New to Quilting?

If you are brand new to quilting and don't know where to begin, start with the posts in September 2011 (look in the blog archive). The first four posts cover basics such as choosing equipment, choosing colors, how to sew 1/4" seams, how to use a rotary cutter, and how to press (not iron) your block during construction.

Wednesday, January 4, 2012

Flying Geese: Method 2 (Tutorial)

Here's what we are sewing in this post:

Method 2 for sewing Flying Geese units was developed by Eleanor Burns at Quilt in a Day. You can use this method whether or not you have a Flying Geese ruler. They come in different sizes and they have great directions included. If you have a Flying Geese ruler, we are following the directions for the 6" x 3" Flying Geese. If you don't have a special ruler, a 6 1/2" square ruler works, too.

This is not a 'no waste' method. You will be throwing away a tiny bit of fabric at the end. I use this method because I get more accurate Flying Geese units. There is a little bit of 'error' room built into the method which means I can trim away the extra and end up with exact measurements.

Cut one 9" square from background fabric. Cut one 7 1/2" square from main fabric (this will be the 'goose' part of the block). Draw a diagonal line from corner to corner on the right side of the background fabric, and the wrong side of the main fabric (geese fabric).
Center the 7 1/2" square right sides together with the 9" background fabric

Match the diagonal lines.

Sew a 1/4" seam on either side of the diagonal line on the main fabric (geese fabric). You don't have to sew to the edges of the background fabric.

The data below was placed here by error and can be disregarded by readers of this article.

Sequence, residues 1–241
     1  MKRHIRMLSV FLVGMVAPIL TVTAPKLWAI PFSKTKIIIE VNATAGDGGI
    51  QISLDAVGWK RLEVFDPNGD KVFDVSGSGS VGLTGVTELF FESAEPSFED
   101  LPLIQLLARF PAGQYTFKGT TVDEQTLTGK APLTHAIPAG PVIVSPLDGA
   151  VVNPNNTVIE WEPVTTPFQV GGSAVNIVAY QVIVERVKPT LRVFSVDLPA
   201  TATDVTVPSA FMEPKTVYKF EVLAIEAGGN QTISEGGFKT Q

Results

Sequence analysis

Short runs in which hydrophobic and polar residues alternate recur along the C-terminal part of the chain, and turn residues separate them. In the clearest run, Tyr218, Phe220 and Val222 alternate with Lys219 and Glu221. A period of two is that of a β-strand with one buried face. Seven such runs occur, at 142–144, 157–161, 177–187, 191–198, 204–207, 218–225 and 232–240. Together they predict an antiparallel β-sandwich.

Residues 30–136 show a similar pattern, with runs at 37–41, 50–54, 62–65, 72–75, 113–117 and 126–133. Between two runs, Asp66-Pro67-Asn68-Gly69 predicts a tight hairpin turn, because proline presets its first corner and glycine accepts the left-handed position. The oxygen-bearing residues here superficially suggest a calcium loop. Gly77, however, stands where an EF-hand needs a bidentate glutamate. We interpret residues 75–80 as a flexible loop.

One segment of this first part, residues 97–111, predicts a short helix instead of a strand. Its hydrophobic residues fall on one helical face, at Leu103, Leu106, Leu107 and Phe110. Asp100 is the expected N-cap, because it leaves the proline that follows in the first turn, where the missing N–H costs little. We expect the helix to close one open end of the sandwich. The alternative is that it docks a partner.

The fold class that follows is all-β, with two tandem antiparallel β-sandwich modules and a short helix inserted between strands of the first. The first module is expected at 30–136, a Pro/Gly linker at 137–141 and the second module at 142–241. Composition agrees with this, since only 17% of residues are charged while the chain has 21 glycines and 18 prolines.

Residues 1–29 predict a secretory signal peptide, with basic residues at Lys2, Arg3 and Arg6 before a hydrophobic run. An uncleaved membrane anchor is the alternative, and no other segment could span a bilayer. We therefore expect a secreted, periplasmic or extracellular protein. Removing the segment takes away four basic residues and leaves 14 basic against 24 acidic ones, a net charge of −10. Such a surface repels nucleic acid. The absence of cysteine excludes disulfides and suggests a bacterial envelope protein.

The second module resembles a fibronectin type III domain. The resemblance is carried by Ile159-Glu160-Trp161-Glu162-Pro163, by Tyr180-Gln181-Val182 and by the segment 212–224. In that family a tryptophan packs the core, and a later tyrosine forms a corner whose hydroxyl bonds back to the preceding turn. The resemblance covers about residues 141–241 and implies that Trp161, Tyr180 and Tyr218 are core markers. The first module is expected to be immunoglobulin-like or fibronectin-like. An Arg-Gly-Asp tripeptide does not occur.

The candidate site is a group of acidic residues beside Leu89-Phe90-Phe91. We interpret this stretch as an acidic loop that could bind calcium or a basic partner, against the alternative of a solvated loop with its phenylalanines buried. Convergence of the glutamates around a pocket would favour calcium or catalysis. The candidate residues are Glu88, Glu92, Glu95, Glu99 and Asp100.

Cut along the diagonal line.

Press towards the background fabric. It's a little odd to press that direction, but do it anyway. It makes the rest of the block easier to put together and press.

You now have two pieces that look like this!

Turn one piece 180˚ and then place the two pieces right sides together matching the corners, not the center seams.

This is a photo of the pieces right sides together with the corner folded back so you can see that the bottom piece has been turned 180˚ and the seams don't match up.

Draw a diagonal line as shown in the photo. It goes from corner to corner across the seam. Pin the two pieces together.

Sew a 1/4" seam on both sides of the center line, then cut on the line.
 Here is where it gets a bit odd, but just follow along and trust me. It works out really well!

Clip the seam allowance at the center of the seam of both pieces.

This is how I find the center of the seam allowance: Fold one of the pieces in half (it doesn't have to be exactly in half, 'close enough' is good for this method). The red arrow shows where I will clip the seam, the black arrows show where the first seams are.
 You have to clip the seam allowance so that when you press the block, the seam can be pressed to the background fabric.
Press towards the background fabric. This is what it looks like after the piece has been pressed. See the clipped seam allowance in the center?

Both pieces clipped and pressed towards the background fabric. The top left piece is a right-side view. The bottom right piece is a wrong-side view. If you click on the photo it will enlarge and you can get a closer look.
 Cutting the four Flying Geese units.
Center the 3 1/4" mark of your ruler on the top of the triangle 1/4" away from the edge of the ruler. The blue arrow shows the spot.
Photo of the ruler on the whole block.
 Cut along three sides of the ruler. Then flip the fabric piece and line up the bottom of the fabric with the 3 1/2" line on the ruler and trim. You will end up with a 6 1/2" x 3 1/2" Flying Geese unit. Trim the other pieces the same way.

If you have a Flying Geese ruler.....
If you own a 6" x 3" Flying Geese ruler, line the green triangle up with your center triangle (geese fabric) and trim around all four sides. Do that for each piece and you will have four Flying Geese units.

This is my favorite way to make Flying Geese units.

Please give me a call if you want to borrow my Flying Geese ruler! I'm happy to let you give it a try.

Here's a link to a PDF file that has another method for making Flying Geese units called  One Seam Flying Geese Method.

Here's a video that shows you how to sew the One Seam Flying Geese method:


  1. I lost my flying geese ruler instructions - thanks for posting this tutorial!


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